Wednesday, August 19, 2015

Kathleen Morris

Maison Calvet, St. Paul Street
oil on canvas
51 x 61 cm
location unknown

Kathleen Moir Morris (1893-1986), born in Montreal, was a Canadian painter of landscapes and lively street scenes, often animated by the presence of humans and animals. Except for a short stint in Ottawa, she lived her entire life in Montreal and its environs, frequently depicting scenes of urban life in warm colours, with an eye for the humane, the charming and the joyful. Her work has been shown all over the world.

She met with considerable success during her lengthy career as an artist. She became a member of the Beaver Hall Group and exhibited frequently in Quebec and Ontario with the Royal Canadian Academy, the Montreal Spring Shows and the Ontario Society of Artists. The Beaver Hall Group officially dissolved in 1922, but she still participated in their exhibitions while living in Ottawa. She returned to the Montreal area in 1929 and lived there for the remainder of her life. She became a member of the Royal Canadian Academy of Arts that same year.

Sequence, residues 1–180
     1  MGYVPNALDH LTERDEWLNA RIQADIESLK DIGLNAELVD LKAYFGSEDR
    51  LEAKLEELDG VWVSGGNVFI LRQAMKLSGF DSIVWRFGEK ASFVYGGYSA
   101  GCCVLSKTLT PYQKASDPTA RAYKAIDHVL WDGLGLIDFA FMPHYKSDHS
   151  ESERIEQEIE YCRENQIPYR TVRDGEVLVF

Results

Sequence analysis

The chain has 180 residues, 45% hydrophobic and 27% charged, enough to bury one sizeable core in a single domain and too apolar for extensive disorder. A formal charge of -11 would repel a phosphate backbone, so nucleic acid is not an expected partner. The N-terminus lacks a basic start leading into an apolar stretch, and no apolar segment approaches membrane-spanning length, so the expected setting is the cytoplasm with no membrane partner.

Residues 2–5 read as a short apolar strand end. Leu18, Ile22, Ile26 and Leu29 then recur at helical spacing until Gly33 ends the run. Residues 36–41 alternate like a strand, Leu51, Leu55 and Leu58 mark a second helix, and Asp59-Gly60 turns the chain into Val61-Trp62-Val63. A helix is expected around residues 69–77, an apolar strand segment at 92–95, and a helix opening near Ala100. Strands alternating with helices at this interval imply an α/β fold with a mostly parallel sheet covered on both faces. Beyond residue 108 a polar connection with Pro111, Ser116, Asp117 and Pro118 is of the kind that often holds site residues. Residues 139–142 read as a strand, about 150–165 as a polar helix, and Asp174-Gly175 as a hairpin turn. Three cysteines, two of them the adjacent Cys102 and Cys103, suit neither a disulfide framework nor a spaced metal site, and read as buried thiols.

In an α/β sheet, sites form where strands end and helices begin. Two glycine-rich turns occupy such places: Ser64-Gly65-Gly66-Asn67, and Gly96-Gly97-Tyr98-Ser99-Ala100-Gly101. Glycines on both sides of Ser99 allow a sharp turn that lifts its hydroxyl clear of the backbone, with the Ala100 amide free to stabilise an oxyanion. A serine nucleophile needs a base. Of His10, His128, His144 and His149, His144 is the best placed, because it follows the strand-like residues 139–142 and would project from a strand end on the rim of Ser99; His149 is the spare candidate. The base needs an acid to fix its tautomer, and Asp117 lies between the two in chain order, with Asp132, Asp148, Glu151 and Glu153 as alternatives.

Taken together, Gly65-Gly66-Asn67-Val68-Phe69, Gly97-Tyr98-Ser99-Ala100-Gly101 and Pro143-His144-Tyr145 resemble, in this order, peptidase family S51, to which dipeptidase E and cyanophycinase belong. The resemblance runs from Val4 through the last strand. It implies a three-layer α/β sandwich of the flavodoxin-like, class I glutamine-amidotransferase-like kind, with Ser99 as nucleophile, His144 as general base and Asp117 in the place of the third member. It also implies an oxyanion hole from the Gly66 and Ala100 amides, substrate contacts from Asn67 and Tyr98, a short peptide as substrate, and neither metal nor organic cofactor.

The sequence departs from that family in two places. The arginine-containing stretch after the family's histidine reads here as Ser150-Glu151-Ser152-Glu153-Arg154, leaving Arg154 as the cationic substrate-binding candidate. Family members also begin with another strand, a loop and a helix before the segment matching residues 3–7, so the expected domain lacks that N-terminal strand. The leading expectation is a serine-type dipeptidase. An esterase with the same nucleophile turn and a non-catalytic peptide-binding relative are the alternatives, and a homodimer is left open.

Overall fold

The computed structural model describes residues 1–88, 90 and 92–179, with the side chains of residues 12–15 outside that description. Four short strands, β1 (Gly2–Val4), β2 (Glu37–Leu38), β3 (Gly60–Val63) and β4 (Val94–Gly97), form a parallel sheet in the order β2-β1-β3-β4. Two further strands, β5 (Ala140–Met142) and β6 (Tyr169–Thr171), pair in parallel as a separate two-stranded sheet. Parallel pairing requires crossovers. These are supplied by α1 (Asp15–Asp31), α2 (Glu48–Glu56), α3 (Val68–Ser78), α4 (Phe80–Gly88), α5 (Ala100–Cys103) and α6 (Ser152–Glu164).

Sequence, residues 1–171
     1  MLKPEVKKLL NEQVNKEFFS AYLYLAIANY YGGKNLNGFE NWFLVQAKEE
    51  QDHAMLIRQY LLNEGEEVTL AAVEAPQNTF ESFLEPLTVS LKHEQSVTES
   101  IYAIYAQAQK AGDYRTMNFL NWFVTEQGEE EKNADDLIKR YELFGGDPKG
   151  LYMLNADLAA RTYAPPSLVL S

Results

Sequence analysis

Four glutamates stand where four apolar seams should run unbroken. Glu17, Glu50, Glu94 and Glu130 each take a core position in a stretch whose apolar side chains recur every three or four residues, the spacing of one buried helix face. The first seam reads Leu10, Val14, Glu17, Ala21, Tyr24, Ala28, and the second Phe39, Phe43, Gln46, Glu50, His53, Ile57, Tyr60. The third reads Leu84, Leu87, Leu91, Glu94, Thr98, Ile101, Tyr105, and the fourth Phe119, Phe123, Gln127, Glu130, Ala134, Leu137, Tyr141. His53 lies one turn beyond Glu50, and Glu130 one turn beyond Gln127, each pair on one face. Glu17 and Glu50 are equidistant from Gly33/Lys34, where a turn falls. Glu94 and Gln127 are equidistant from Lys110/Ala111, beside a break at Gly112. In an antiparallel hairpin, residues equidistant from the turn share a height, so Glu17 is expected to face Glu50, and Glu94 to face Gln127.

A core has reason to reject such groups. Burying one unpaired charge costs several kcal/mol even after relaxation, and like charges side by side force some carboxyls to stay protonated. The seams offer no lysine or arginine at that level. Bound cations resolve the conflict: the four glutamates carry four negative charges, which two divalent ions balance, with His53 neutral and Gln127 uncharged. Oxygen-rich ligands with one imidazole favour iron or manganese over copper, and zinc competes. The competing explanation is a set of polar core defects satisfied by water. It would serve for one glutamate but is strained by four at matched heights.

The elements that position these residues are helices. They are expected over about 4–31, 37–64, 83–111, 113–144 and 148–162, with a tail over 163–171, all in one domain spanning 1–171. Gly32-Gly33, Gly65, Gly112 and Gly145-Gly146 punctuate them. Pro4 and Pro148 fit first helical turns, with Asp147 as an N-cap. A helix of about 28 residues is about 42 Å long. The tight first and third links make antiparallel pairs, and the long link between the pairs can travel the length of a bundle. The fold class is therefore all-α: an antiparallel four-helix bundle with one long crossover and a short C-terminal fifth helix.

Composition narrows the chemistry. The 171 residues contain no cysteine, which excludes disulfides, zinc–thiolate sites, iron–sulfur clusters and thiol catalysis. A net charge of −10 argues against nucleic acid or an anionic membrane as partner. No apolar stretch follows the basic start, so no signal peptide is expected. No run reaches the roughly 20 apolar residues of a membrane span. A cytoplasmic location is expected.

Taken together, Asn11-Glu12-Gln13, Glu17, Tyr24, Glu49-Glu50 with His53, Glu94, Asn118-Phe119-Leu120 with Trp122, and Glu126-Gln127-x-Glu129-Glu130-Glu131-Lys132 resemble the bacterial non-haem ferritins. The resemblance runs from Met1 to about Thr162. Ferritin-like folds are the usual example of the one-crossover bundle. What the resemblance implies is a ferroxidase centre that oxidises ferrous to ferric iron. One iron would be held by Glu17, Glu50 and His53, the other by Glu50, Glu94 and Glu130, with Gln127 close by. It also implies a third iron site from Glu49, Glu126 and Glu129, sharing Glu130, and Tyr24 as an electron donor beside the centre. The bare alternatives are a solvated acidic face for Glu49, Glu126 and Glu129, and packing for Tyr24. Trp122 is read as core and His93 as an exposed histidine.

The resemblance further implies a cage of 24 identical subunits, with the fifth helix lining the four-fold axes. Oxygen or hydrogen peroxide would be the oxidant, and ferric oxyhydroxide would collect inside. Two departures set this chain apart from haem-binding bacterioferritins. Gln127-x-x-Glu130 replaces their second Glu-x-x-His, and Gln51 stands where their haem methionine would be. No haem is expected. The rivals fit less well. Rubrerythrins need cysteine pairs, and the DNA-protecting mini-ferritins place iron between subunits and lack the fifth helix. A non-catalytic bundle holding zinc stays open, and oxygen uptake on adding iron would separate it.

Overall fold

She painted scenes of urban and preindustrial rural Quebec not in support of a French Canadian identity but to suggest that the "primitive" could provide a sanctuary from modern life. From the first, deeply textured, strokes of her early works, to the gentle swoops of colour and line in her later landscapes, she exhibited a unique style that set her apart from her contemporaries. She painted from sketches, in which she simplified the forms and applied colour in bold, thick patches. Her subject matter reflected her kinship with her surroundings and an appreciation of the simple life. She also felt deeply for the animal world, voicing her concerns publicly to protest the annual seal hunt. She was elected to the Royal Canadian Academy in 1929 and received honourable mention at the Second Willingdon Arts Competition.